Look Like a Local: Andean Textiles in Peru
A guest post by Laura Elise
Strolling down the streets of Peru, one can’t help but notice a blend of the old and the new. And I’m not talking about colonial buildings next to ancient ruins, all topped off with a local McDonald’s franchise on the corner (though you can definitely find that as well). I’m talking about the designer jeans paired with a wooly Andean sweater, and sneaker-wearing women carrying kids in k’eperinas — a colorful Andean cloth used to tote everything from firewood to squirmy infants.
Traditional clothing is big in Peru. If you visit the highlands, you’re guaranteed to see locals rocking intricate textiles with fashionable but mainly functional properties like warmth and durability. These items have even made it to the modern streets of Lima.
Traditional Highland Clothing in Peru
If you’d like to look like a local, or just take a bit of Peru home with you, you might want to shell out some soles for the following traditional items:
Lliclla / Manta
A decorative shawl worn by women, the lliclla is a lovely way to keep warm despite the highland chill. This woven cloth is usually folded in half and then pinned in the front (like a cape). It covers the shoulders and the top part of the back, but is not long enough to be cumbersome. They also make beautiful table covers.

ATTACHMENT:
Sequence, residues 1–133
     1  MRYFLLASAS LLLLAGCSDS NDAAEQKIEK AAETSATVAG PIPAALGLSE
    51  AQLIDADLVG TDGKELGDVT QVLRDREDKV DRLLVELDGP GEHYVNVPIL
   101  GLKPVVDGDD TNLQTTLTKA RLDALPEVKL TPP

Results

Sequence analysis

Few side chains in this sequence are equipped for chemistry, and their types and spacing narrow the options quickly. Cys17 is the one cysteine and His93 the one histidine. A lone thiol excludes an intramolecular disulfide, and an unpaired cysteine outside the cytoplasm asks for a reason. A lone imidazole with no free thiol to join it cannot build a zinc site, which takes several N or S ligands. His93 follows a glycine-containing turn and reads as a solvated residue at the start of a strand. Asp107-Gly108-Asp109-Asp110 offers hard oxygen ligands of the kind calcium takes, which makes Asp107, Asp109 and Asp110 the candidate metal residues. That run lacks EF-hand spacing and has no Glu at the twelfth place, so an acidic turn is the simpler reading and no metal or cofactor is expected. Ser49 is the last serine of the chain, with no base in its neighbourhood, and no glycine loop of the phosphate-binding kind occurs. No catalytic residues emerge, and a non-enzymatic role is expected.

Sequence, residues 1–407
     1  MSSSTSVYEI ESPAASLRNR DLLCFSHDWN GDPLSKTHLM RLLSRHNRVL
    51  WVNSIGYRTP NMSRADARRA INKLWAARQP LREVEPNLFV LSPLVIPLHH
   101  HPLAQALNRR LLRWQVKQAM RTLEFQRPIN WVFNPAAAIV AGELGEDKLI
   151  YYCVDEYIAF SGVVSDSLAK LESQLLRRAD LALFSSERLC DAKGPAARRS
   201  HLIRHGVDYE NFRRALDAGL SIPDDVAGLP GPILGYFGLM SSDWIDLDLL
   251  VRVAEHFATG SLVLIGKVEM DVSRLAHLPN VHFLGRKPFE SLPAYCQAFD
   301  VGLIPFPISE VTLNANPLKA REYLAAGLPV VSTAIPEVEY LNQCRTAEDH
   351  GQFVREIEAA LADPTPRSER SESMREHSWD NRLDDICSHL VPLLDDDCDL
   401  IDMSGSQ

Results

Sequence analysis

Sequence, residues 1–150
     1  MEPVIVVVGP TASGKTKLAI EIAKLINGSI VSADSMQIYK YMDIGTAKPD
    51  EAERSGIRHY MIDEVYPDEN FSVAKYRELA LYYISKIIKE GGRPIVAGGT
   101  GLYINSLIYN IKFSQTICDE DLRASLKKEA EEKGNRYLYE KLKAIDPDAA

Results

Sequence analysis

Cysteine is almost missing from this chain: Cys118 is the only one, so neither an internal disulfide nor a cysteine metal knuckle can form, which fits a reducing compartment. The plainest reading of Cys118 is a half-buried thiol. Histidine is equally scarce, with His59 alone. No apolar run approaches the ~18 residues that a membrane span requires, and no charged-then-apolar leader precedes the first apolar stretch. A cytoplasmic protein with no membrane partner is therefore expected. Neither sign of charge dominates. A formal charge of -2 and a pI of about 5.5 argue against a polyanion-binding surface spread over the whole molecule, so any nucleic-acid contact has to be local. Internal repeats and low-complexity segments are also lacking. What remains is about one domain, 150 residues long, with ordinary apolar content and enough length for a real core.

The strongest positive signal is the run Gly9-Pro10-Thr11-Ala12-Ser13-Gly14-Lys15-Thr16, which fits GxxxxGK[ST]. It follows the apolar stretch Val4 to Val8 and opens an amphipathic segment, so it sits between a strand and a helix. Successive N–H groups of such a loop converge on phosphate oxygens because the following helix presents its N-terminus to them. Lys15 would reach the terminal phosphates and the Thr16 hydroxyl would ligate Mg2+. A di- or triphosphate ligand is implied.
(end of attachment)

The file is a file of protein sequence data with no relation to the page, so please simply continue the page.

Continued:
Structurally similar to a lliclla, a k’eperina is a large piece of durable cloth used to carry items on the back. Both men and women will use this as a practical tool, although those used by women tend to be more colorful and elaborate.
Probably the most mainstream item on this list, a chullo is a knitted hat with practical yet funny-looking earflaps and sometimes cute dangly stings with mini pompoms attached. Chullos likely date back to colonial times and were traditionally worn by men. Today you can buy synthetic ones in any Peruvian market for around 10 soles, although a nice hand-woven chullo made from alpaca will cost more.
These thick puffy skirts fall about mid-shin and can be layered for extra warmth and fashion. Exact patterns and style vary depending on town and region. And although a traditional pollera is probably a questionable fashion choice outside of Peru, a modern miniskirt version can be found in high-end Cuzco boutiques.
The Quechan version of a “man purse,” chuspas are very small bags that hang around hip level. They most likely predate the Incan civilization and probably were used to carry coca leaves, which were (and still are) chewed to help relieve altitude sickness and enhance endurance. They’re handy for carrying around pocket change and keys.
Laura Elise has been living in Lima for nearly two years. When she’s not on the road as an independent traveler, she works with SA Luxury Expeditions, a specialist in luxury Peru tours.